T-Mobile had attracted more new wireless customers over the past three years than the rest of its competitors combined, but its subscriber base still skews younger and more urban than the industry as a whole. So T-Mobile this week will try to close the gap with a deep discount for people age 55 and up.
Starting on Wednesday, new or existing senior customers will be able to sign up for T-Mobile’s unlimited data plan for $50 for one line or $60 for two lines, versus usual prices of $70 and $120 (though currently, the carrier has a limited-time offer of two lines for $100). That’s among the best deals of any kind across the entire wireless market.
Under CEO John Legere, T-Mobile has had great success attracting new customers, but growth is slowing. In the first half of this year, the carrier added 2.2 million customers to its branded service down from 3.2 million in the same period of 2016. And its stock, which gained almost 50% last year, is up 12% so far in 2017.
The real challenge may be retooling and retargeting T-Mobile’s loud, brash ad campaigns to get the attention of the Baby Boomers and not just millennials. Typical ads have featured music stars like Drake and Justin Bieber or Kim Kardashian. And CEO Legere, himself a Baby Boomer, is known for dressing in hot pink sneakers and tee shirts and occasionally swearing at public events and on Twitter.
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“It has resonated like crazy with millennials and with folks in really big markets and in the core of those markets,” Andrew Sherrard, chief commercial officer at T-Mobile, says before mentioning the new focus on seniors. While T-Mobile has about 18% of all wireless subscribers, it captures only 8% of the older segment. “We have a huge opportunity to get the word out among this segment.”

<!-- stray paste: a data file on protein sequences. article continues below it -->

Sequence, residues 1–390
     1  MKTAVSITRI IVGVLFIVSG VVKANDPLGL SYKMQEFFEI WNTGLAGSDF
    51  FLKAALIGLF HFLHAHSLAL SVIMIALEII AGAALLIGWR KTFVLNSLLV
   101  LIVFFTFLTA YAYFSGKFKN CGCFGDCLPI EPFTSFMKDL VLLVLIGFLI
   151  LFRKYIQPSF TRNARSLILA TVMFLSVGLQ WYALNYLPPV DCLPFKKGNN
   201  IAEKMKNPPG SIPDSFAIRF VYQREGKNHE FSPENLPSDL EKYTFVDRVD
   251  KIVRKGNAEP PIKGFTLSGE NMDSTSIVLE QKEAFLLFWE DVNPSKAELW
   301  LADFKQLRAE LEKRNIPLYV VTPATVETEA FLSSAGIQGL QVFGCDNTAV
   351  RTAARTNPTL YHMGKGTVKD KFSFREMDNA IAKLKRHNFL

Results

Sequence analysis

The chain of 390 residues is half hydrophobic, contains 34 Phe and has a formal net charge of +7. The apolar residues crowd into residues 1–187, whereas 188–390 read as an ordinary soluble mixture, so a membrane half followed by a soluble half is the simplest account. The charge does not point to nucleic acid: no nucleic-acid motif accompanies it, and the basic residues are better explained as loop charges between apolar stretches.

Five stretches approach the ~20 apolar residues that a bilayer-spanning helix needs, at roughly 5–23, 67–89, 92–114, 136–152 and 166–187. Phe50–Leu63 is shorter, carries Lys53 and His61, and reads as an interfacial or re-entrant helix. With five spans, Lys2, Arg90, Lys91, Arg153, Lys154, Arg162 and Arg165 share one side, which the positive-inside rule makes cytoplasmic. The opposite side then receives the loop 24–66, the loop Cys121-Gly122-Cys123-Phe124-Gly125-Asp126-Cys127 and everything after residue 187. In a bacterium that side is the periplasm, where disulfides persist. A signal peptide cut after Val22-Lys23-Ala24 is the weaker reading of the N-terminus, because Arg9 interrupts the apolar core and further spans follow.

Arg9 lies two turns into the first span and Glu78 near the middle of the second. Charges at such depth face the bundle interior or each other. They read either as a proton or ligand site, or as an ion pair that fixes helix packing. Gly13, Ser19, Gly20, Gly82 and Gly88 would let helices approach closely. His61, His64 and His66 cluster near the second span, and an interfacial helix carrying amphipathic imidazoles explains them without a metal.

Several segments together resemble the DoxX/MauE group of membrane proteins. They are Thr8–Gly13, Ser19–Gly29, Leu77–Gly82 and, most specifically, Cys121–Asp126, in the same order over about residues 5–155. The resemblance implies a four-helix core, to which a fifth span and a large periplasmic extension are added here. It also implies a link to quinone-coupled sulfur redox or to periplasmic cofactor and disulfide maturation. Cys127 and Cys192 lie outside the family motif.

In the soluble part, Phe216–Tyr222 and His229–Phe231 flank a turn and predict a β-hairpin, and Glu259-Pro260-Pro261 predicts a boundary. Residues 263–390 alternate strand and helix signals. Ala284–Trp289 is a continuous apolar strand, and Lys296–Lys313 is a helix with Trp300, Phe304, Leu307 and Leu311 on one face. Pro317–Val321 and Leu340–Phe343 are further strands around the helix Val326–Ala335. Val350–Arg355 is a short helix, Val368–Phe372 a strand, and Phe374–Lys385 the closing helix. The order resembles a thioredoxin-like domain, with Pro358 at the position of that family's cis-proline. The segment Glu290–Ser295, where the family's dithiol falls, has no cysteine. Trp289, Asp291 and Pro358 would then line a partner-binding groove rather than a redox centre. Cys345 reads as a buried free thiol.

Pitches for the plan, called “T-Mobile One Unlimited 55+,” will be targeted to older people online using data from the likes of Facebook (FB) and Google (GOOGL), as well as advertising billboards and displays in suburban areas, Sherrard said. “Depending in your age, you may or may not see it,” he said. “It might start a wave of new fake IDs—people will want to be 55 now,” Sherrard joked.
T-Mobile’s (TMUS) new offer targets empty nesters who may have just finally removed their kids from their wireless plans. While AT&T (T) and Verizon (VZ) charge only slightly more than T-Mobile for four or five lines, the differences are more dramatic for one or two lines.
The AARP, previously known as the American Association of Retired Persons, offers plans for its members from Consumer Cellular that, for example, cost $70 for one line with unlimited talk and 5 GB of data per month. Consumer Cellular leases airwaves from AT&T.
And the larger carriers’ special low-cost senior plans seem out a different era, with minute limits and a lack of data. Verizon’s over-65 plan, for example, runs on basic phones and includes 200 talk minutes for $30 a month. Texts are 20 cents each.
“No Facetime, no Netflix, no checking a map for directions,” Sherrard says. “Zero data makes zero sense.”